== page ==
Garrison filmmaker searches for her roots
Like many artists, Corinne Chateau has raided her own life for stories.
First, the Garrison resident wrote a book, The Road to Cali, based on the trials of adopting her son from the Republic of Georgia. Then, she adapted the book into a one-woman show, Abandoned, which she performed, before tackling her material once more in a play, The Sun Shines East, developed at the Actors Studio.
Chateau’s latest project, a documentary called Safer in Silence, has an even broader personal narrative. Seven years in the making, it details Chateau’s investigation into her family’s murky past. It is filled with twists, including the most startling secret, which was revealed to her in a phone call she received at age 16.
Her father was French and her mother Polish, she explains. They were teenagers during World War II; her father hid in the mountains, but her mother’s experience was much more traumatic.
“My mother was rather distant, and there was a lot about her I felt I didn’t know,” says Chateau, who was an only child and raised Catholic. “I knew my grandfather was a Polish diplomat, but he died when I was a child. I had no family in the U.S.”
The phone call was from a woman with a heavy Eastern European accent, she says. She asked for Danuta. “I told her there was no one here called that,” Chateau recalls. “She said, ‘Are you her daughter? I’m your grandmother, and I’ve come from Brazil to meet you.’ ”
Chateau’s grandmother had hired a private detective to find the family in the U.S. Chateau found her “beautiful and interesting” and “couldn’t fathom why I did not know about her before.”
Her mother had mixed feelings about the relationship. “It was a shock that her mother found us,” Chateau says. “I think my mother felt guilty that her mother was alone. I became a kind of ambassador.”
In 1993, she and her husband traveled to Rio to visit her grandmother, who was dying. “The last night that I saw her —I don’t think this was her plan — she revealed that she was Jewish,” Chateau says. “Though I had not had a strict Catholic upbringing, I had been baptized, given Communion and confirmed, so this was a big ‘What!?’ ”
Her grandmother said her own parents had converted from Judaism to Catholicism. “I said, ‘My mother doesn’t know any of this,’ and my grandmother replied, ‘Oh, she knows very well.’ ”
Chateau considered the times. “Things got very bad in Poland, even before the war, with all the anti-Semitism,” she says. “If you weren’t overly religious, the strategy was not to show your Jewish identity. When the war happened, my mother left, lost her language, her education, her friends. It was all about hiding. I’m sure my grandmother was quite controlling of her, telling her, ‘Don’t say this.’ ”
Chateau says her mother would never admit to being Jewish. “I just don’t know what to think, but those who were not killed by the Germans were killed by the Russians, and who knows what experiences my mother might have gone through?” she says. “I think she had post-traumatic stress — I could see the anxiety in her body, her eyes. The truth always felt dangerous.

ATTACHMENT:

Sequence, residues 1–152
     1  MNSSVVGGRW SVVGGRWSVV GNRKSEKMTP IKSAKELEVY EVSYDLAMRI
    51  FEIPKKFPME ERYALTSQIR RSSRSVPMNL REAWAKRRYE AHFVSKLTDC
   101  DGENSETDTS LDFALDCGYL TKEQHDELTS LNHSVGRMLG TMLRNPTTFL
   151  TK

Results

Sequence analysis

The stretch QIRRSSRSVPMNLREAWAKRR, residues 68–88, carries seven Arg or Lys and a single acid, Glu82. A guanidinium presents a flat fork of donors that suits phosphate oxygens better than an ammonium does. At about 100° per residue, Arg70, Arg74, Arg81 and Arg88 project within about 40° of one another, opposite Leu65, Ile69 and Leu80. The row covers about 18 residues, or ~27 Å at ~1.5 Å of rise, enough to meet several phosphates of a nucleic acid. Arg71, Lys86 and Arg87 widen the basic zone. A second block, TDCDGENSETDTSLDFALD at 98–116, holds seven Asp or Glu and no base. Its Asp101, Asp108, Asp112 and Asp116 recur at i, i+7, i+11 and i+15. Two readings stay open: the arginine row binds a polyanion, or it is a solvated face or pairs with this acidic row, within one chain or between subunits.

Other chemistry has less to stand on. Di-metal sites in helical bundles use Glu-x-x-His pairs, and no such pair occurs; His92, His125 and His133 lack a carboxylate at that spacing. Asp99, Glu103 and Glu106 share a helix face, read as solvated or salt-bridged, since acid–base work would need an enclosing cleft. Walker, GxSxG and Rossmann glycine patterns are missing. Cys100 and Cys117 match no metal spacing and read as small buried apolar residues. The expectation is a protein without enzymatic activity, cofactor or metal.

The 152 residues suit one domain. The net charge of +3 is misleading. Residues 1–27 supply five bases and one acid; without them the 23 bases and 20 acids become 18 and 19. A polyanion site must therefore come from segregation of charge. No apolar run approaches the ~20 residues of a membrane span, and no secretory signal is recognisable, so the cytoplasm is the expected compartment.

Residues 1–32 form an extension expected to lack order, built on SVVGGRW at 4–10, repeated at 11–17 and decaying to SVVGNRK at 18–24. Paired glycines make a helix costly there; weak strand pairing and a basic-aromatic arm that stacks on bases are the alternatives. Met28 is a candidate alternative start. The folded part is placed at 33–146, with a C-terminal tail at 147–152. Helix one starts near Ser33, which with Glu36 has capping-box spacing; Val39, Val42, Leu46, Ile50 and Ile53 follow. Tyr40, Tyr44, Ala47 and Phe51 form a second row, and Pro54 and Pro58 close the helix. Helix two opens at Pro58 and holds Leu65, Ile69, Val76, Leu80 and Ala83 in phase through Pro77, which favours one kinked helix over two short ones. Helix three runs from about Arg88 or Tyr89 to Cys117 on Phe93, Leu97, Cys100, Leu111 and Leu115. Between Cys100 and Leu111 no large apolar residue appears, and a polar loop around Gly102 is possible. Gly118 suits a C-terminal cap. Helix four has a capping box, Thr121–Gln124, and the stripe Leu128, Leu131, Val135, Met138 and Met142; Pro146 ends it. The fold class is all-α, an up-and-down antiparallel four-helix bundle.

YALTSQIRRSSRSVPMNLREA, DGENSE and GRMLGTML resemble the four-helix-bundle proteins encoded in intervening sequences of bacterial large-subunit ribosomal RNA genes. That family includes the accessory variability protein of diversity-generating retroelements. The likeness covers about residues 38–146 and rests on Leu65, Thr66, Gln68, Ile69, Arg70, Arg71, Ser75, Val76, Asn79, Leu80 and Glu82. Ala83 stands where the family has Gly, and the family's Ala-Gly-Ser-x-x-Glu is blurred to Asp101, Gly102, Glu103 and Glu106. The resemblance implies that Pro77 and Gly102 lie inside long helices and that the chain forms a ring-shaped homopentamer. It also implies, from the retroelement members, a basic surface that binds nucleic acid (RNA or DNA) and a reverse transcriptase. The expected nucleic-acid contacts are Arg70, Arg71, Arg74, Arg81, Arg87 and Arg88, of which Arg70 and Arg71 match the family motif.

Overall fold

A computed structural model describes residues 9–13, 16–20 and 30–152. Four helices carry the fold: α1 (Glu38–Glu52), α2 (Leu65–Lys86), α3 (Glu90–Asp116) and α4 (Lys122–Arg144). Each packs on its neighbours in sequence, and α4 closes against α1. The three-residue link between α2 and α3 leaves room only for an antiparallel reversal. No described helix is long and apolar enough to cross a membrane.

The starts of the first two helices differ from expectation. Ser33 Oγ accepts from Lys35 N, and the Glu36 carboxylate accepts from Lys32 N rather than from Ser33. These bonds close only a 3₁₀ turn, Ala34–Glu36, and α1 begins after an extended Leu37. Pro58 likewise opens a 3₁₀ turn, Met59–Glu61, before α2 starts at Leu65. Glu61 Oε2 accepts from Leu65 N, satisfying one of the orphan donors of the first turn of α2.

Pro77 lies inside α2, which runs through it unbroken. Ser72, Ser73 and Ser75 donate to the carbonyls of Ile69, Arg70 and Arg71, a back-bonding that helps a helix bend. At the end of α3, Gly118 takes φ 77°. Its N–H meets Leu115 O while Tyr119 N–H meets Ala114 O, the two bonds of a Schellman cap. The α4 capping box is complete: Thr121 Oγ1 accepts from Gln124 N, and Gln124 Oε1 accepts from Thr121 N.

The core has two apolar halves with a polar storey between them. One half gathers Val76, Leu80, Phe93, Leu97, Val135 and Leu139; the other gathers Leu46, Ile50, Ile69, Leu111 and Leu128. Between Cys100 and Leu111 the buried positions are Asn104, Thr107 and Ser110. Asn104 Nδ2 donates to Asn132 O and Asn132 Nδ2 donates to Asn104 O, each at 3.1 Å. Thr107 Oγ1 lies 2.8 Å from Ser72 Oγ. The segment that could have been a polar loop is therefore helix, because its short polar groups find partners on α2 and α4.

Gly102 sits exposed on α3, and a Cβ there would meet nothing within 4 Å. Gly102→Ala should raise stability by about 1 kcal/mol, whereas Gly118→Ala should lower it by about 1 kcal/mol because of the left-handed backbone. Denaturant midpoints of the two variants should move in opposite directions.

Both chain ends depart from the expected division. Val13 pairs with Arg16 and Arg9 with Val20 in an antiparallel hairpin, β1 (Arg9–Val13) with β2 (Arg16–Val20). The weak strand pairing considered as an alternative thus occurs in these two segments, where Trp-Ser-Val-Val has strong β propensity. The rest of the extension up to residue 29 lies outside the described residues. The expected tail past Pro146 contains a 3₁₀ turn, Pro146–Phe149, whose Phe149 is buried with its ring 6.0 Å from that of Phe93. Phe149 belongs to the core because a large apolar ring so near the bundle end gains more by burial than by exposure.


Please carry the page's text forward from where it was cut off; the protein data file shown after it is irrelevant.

“I have much more understanding now. I see my mother in a more objective, empathetic way. Some of her anxiety got thrown at me.”
In 1998, Chateau received another strange phone call — another person with an accent, this time a man.
“I may be related to you,” he said. “Can we meet?”
The documentary continues with the story, which includes, but is not limited to, cousins in Zimbabwe. Unfortunately, because of the COVID-19 shutdown, the film has only been shown so far at film festivals (it won the “Best Story” award at the East Europe International Film Festival). “I’m dying to have an exchange with the audience, to hear how it sparks other people,” Chateau says.
She decided to make the documentary after her mother died unexpectedly in 2009. “The shock of that, with so much unresolved, left me in this real place of depression and despair,” she says.
Chateau decided to visit Poland. There, a newly met relative helped her chase down documents and family members. “I started thinking, ‘What can I do to piece this together?’ I had this need to capture it, or otherwise it would disappear. I had this great need to have a sense of my life.”
Chateau ended up with 70 hours of footage. “I had been to film school as a director, not an editor,” she says, ruefully, referring to her studies at the graduate film program at New York University and the American Film Institute. (Chateau is also an actor who trained with Stella Adler and Lee Strasberg and is a member of the Actors Studio.) Still, she managed to whittle the footage to five hours before bringing it to professional editors in New York City and Poland, finishing it soon before the lockdown last year. (For updates, see saferinsilence.com.)
Her film, Chateau says, “is not just about Jewish. It’s been happening so much in the past few years in the U.S. — people being discriminated against because of where they’re from. It’s always been the same for immigrants and refugees. If you come with no money, it’s not easy.”